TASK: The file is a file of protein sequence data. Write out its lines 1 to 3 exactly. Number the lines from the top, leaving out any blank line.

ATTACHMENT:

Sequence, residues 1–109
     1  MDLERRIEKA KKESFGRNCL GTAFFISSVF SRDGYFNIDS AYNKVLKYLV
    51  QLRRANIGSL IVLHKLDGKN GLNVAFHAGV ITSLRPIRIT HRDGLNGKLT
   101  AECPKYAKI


Sequence, residues 1–109
     1  MDLERRIEKA KKESFGRNCL GTAFFISSVF SRDGYFNIDS AYNKVLKYLV
    51  QLRRANIGSL IVLHKLDGKN GLNVAFHAGV ITSLRPIRIT HRDGLNGKLT